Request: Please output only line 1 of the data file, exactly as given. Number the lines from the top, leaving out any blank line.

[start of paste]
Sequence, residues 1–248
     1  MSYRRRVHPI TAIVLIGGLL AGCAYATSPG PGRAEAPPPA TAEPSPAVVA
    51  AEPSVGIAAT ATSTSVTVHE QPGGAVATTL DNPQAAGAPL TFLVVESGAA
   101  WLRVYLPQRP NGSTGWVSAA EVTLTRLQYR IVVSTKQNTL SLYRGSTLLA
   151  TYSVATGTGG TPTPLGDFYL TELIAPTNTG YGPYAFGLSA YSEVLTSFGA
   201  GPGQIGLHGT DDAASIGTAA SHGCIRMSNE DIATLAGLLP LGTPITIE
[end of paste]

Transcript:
Sequence, residues 1–248